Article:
Shimano probably got pressured to stop the flow of overseas parts into the U.S. because whatever bike shops were still in business couldn't compete (they were paying, wholesale, pretty much same prices the UK was charging for retail) and the manufacturers, which are far and away the most important customers, couldn't compete.

It's a global market. Shimano has to respond to a wider variety of "market forces" than just local supply and demand. They are a global business and need to have long-term plans for stability and profitability.

The "invisible hand" of the free market is BS anyway. In a true free market we'd be afraid to buy Anything we didn't see first because Everything would be fake and real manufacturers would be selling Only to manufacturers. I am not a fan of regulation, but a lot of regulations were formulated because people tried to corner markets, flood markets with counterfeits, and in whatever way game the system to sell minimum cost and quality for maximum short-term profit.

I used to build bikes and the rise in prices for Shimano parts killed that hobby. It is almost cheaper to buy stuff from Bikes Direct and strip the frames to get parts than it is to buy real Shimano groupsets from anywhere, nowadays. But every company has to act to protect its own survival.

What I see here isn't greed from Shimano, it is a company realizing that the global business environment has changed and making changes to stay viable.

Shimano doesn't Want to compete with Microshift or Micronew. Shimano want to make sure that "Genuine Shimano parts" has some meaning around the world. Shimano knows that people will reverse-engineer its stuff, make a few minor changes to avoid patent infringement, and market cheaper alternatives. Shimano doesn't care. If people are too cheap to pony up for Tourney or Claris, Shimano doesn't care.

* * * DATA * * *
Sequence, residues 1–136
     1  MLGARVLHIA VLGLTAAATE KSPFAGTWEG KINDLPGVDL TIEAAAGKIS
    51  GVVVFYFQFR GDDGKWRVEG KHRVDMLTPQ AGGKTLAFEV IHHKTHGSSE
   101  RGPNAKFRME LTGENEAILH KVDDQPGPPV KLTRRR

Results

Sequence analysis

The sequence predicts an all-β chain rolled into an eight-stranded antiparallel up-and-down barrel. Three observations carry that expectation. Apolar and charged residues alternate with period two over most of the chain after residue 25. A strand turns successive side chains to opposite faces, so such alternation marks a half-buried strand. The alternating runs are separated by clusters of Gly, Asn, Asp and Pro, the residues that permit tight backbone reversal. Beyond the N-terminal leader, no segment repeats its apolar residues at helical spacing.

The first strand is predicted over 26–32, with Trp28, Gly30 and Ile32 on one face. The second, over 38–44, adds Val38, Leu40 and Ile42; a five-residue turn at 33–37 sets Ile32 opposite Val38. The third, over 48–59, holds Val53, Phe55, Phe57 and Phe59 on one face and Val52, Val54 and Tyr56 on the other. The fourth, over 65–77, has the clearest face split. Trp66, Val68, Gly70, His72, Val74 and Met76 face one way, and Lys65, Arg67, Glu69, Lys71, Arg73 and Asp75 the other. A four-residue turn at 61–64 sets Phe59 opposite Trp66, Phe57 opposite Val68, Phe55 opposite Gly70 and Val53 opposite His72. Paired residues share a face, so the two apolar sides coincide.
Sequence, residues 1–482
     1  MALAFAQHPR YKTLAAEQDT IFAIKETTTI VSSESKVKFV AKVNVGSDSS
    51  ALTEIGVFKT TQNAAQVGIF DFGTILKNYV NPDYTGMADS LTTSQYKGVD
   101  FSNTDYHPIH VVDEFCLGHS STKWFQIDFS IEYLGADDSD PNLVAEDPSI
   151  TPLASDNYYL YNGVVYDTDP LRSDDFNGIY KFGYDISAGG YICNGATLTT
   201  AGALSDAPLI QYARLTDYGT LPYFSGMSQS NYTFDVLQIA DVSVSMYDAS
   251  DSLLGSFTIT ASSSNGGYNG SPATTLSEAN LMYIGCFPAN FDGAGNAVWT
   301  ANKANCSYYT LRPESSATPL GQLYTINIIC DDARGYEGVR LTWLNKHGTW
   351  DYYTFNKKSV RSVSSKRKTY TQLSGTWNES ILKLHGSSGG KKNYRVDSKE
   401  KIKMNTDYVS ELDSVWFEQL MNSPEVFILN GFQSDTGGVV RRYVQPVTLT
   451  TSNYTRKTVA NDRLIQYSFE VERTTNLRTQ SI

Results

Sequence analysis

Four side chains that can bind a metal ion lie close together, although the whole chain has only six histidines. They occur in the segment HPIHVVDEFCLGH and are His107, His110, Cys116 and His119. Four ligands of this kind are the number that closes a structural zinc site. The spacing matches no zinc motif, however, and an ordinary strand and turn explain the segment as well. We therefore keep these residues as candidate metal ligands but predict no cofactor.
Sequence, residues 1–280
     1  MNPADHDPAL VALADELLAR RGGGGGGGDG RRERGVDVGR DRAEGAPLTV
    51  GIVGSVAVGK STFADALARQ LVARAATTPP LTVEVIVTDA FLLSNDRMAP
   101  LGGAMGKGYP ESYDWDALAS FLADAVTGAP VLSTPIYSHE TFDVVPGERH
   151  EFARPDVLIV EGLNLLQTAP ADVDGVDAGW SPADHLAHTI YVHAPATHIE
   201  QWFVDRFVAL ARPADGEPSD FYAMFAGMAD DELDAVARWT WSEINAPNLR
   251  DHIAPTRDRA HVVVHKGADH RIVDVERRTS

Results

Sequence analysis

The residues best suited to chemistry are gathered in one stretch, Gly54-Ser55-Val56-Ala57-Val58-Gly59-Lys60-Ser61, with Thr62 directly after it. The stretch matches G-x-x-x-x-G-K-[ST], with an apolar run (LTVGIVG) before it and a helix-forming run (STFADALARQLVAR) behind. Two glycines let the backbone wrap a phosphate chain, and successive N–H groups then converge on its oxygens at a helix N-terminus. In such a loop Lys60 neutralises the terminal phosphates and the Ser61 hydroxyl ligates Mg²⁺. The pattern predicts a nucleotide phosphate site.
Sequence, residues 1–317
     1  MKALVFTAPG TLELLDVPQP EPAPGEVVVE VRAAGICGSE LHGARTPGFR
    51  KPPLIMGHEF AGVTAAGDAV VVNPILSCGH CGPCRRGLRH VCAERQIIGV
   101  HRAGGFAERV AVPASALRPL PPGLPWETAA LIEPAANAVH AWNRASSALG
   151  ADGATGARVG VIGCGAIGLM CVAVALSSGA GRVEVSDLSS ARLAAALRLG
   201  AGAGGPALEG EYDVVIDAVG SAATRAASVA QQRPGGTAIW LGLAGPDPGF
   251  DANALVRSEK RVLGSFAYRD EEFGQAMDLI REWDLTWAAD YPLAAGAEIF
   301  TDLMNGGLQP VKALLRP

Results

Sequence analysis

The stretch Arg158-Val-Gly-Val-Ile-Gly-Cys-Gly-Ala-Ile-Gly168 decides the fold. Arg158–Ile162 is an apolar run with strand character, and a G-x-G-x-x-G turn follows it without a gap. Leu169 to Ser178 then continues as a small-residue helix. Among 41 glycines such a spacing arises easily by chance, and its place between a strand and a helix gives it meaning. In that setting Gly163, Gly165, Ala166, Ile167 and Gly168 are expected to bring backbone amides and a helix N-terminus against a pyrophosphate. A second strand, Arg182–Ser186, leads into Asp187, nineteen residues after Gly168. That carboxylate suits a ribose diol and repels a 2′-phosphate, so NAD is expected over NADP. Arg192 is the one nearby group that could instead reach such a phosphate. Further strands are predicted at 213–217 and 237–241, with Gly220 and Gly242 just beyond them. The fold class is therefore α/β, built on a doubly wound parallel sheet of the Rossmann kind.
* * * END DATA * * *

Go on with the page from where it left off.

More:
When Microshift tries to compete with Ultegra and Dura-Ace .... it will find that it cannot undercut Shimano prices buy all that much since the people who buy Dura-Ace and Ultegra have high expectations, based on a long history of excellence. When Microshift tries to release a line which will displace 105 in the market, it will again find itself having to charge Shimano-type prices, because the parts will have to be absolutely bulletproof and work excellently---and that kind of precision manufacturing cannot be done on the cheap, even in China. And further, the company would have to spend hugely on promotion, which Shimano really doesn't need to do (when you are the industry standard, you can spend a lot less trying to get people to buy your stuff ... they already want it (unless they can afford Sram Red.)

Further, if Microshift Did produce 105, Ultegra, and Dura-ace level components and seriously intended to compete with Shimano, they would be foolish to sell for much less .... why leave money on the table? Microshift can undercut Shimano on Claris-level stuff, but the market and the profit margins are small. When they try to get more upper-class corporate contracts (OEM contracts) and start trying to compete at the upper end of the range, they would find that low prices can even be a drawback---people would be afraid they weren't getting Shimano quality for such low prices. After all, high-end groupsets are in fact luxury items .... and most bike parts in most markets are at the very least discretionary spending, not necessities.

And seriously, Shimano doesn't need to legally enforce MSRP. They can merely stop selling to markets where the distributors don't play nice. But in the end, it all comes down to globalization and planning. Shimano was hurting its biggest customers by selling at radically different prices in markets which, due to the internet, were no longer distinct.

Last edited by Maelochs; 08-03-21 at 06:59 PM.